Below you will find the translation of the very first article to include Oda, with some comments from the man himself. The article mentions the one-shot WANTED! drawn and submitted by Eiichiro Oda in 1992, which went on to become the runner-up for the prestigious Tezuka Award.
Without further ado, enjoy the very first comments given by the 17-year-old Eiichiro Oda in an article that was published on Jan. 27, 1993 in the Kumamoto Nichi Nichi Shimbun.
If you were to talk about Takehiko Inoue of SLAM DUNK, a manga series currently being serialized in Weekly Jump, everyone would know which famous author you’re talking about. But even Inoue had his beginnings with the Tezuka Award (which is held by Shueisha), a competition which is the first step up the ladder for rookie manga artists. Now, Kumamoto City High School senior Eiichiro Oda has recently won the runner-up prize.
“I’d like to aim to become a professional manga artist after moving to Tokyo in the future,” a young Oda says, regarding his future plans.
“After watching the movie Young Guns I came to like westerns,” says Oda who had submitted WANTED, a “Gag Western.” WANTED tells the story of a man who became a wanted criminal and the assassin hired by the authorities to kill him. Cool? While it includes shoot-out scenes, it also includes enough goofy moments. It was a fun manga that made me laugh out loud.
Oda, who spent 4 months on the production [of this manga] reminisces, “it looked like I wouldn’t make the deadline so I drew the end in a hurry.”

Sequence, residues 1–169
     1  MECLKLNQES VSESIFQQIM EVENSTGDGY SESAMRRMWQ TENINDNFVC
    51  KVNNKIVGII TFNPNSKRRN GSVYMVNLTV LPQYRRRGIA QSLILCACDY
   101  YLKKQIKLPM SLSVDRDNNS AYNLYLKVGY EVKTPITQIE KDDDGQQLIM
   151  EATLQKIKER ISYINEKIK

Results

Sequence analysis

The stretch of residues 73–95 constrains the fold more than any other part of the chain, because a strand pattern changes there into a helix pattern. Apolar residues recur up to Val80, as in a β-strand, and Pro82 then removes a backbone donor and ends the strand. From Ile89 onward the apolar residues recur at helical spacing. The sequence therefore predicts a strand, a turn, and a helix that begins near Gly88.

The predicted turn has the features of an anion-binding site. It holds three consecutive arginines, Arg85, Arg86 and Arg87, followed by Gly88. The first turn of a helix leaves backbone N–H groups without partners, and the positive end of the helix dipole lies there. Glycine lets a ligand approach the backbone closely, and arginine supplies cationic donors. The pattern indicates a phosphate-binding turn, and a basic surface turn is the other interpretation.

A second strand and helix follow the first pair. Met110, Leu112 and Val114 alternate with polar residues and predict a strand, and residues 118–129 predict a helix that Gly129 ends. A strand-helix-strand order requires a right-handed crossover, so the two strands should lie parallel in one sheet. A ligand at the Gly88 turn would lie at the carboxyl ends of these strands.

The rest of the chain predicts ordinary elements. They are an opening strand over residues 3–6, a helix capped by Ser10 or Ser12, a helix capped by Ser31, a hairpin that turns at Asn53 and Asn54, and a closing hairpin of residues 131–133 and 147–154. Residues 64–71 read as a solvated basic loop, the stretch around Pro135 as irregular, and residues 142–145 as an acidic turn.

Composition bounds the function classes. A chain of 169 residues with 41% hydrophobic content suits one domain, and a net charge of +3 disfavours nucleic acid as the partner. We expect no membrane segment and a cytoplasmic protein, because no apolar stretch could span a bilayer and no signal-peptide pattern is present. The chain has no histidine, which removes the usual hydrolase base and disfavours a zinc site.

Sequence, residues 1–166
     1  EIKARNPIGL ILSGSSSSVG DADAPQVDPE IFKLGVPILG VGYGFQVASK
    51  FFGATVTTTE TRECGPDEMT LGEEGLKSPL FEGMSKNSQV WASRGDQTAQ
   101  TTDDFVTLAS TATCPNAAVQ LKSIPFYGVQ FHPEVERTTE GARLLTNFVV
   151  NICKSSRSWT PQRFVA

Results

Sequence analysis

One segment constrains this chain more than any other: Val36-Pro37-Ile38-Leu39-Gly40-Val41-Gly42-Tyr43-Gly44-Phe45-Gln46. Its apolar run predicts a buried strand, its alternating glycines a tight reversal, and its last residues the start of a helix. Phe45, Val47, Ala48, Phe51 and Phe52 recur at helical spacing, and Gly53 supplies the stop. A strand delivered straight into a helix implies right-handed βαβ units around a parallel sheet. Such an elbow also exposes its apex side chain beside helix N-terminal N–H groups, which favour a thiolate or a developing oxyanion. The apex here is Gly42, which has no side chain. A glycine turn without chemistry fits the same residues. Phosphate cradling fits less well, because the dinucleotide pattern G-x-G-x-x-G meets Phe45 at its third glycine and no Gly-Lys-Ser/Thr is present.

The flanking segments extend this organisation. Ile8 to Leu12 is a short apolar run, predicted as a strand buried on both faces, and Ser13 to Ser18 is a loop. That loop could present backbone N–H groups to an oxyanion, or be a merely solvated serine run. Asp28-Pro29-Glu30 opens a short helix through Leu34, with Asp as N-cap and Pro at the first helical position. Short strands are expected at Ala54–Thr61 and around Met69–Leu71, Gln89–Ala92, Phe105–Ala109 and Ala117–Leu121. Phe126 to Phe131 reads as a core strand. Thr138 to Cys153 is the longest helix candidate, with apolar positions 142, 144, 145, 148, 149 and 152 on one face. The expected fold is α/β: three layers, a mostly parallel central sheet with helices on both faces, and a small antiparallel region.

But even so, a certain manga artist in the jury gave him high praise saying, “This is a piece that has the power to make you read it. There’s plenty of potential here.”
Oda has loved to draw ever since he was little, he said he “can’t even remember [how long] anymore. Back in grade school, I was constantly copying popular manga.” Oda went on to say that even now, “if I’m not drawing something I can’t calm down.” Clearly, drawing art has become a complete part of his life.
A manga artist he admires is Akira Toriyama. Dragon Ball is one manga that has had an influence on Oda’s drawing style.
“Akira Toriyama’s art is really good. Even when animals are talking, they look like humans and it doesn’t feel weird at all. Because it’s [Toriyama] he can make it work.”
While Oda, who claims to be a “totally, totally normal high school student,” may have won a prize, he’s been careful not to get too excited. In fact, “[u]ntil I become more famous I don’t want to make my face public,” he claimed. So I asked him to draw himself.
You can feel the everyday, average high-school student Oda was at the time, and hear how he came up with his pen name, Tsukihimizu Kikondo:
“I just didn’t want to apply under my real name. Right before the deadline, I was thinking of a name and it just so happened that the calendar caught my eye. Though it wouldn’t be that funny if you’d just read it as is, so I twisted the way to read it,” he says.
Oda won a 500,000 yen cash prize. When inquiring what he’d do with that he says, “I’m giving a bit to my parents, and the remaining 300,000 yen I’m saving.” Can this slightly eccentric and open-hearted “average high school student” really be this shrewd?!
Oda was mentioned again in an article from the same newspaper that reveals Oda was accepted to the Kyushu Tokai University‘s Architectural Planning Program, starting from April 1993. Oda would, however, not remain there for very long as he’d end up dropping out of college to go work for some famous manga artists, and later become the professional manga artist whose series we all read on a weekly basis.